As much as Morrison put his stamp on the book, Whedon does too, as much as he can. Kitty apologizes to Emma for being late with "I'm sorry. I was busy remembering to put on all my clothes." As Scott and Wolverine fight over the memory of Jean, Emma says "Superpowers, a scintillating wit, and the best body money can buy, and I still rate below a corpse." Standing in a miniature Hawaii Kitty just blurts out "Now I have cloud hair." Emma makes fun of Kitty's many code names. Whedon counters Morrison on many points, but he embraces fully the auteur status Morrison had.

Cassaday is great, though he uses photo-realistic elements, such as carpet patterns, to poor effect, and he fails to sell the key moment in the book -- The X-Men in costume. I do not understand the purpose of placing them so far back in the frame, and at an angle like that. Ord and Dr. Rao I will save for later.

Whedon's first issue is solid on its own merits, and his run stands well against Morrison's run. But in this issue he fails by taking on Morrison's incredible first issue so directly, and comes off as more stodgy and conservative than he deserves. To be fair Whedon may be bowing to editorial pressure to put the X-Men back in uniform, for example, but once he takes on the book we get to blame him for stuff like that, as surely as a soldier is fair game to shoot at, even though he did not start, nor does he control, the war.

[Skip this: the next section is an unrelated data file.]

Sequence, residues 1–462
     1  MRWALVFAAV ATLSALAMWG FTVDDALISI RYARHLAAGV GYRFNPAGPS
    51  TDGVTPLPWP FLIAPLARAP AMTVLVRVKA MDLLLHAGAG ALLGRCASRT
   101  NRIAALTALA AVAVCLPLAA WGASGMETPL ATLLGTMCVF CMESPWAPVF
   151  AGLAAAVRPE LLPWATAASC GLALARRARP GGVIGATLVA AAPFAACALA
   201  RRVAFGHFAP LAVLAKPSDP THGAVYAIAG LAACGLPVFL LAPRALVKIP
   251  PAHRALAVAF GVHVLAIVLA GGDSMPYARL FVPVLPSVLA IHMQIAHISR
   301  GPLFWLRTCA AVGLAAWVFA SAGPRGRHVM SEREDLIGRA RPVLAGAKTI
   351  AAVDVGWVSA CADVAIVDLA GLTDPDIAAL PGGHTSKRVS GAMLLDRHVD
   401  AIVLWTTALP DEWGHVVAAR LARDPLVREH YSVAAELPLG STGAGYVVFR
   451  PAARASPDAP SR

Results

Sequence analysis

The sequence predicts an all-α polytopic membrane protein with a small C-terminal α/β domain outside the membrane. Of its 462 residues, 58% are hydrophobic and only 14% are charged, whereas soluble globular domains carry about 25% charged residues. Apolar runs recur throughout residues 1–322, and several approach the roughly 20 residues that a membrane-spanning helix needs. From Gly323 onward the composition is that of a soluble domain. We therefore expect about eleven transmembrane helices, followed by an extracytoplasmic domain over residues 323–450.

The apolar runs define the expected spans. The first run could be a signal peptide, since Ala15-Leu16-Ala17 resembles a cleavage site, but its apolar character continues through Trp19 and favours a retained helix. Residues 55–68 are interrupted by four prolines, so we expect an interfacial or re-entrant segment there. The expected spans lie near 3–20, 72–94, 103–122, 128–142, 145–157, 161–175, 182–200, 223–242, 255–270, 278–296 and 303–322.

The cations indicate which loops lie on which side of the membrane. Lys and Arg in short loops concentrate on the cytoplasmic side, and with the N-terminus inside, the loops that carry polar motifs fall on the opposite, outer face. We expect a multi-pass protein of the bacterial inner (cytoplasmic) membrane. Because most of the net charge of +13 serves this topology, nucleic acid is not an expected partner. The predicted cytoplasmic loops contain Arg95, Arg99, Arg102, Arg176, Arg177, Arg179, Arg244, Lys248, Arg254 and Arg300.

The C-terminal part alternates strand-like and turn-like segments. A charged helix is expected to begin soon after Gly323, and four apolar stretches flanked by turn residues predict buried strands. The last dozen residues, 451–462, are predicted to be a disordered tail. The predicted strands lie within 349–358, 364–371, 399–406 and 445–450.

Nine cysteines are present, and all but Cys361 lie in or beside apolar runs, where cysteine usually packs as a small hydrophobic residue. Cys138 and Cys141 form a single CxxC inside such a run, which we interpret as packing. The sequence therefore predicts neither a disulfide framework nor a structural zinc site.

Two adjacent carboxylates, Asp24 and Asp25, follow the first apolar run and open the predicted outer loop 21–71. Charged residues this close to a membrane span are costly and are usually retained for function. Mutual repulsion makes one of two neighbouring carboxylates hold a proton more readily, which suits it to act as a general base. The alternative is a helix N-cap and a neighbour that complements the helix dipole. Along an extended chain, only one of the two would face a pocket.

Jason Powell said...

Damn. So The Maxx is out?

Geoff Klock said...

The problem with the Maxx is that my issues are in Sara's parents attic. When I get them down, I will do the Maxx.

Geoff Klock said...

The other thing was that I felt like if I was going to do Whedon I need to do it now, right on the tail of Morrison's run, where it belongs.

Stephen said...

Great post. A few random thoughts --

1) This is definitely the right series to do as a follow-up to your Morrison New X-Men series, for all the reasons you mentioned. I hope you do keep up an issue-to-issue: I'll be there (well, through #18, after which I'll bail for fear of spoilers, 'til the trade comes out).

2) River Tam is also one of Whedon's strong geeks -- an interesting synthesis of Buffy and Willow, in some ways.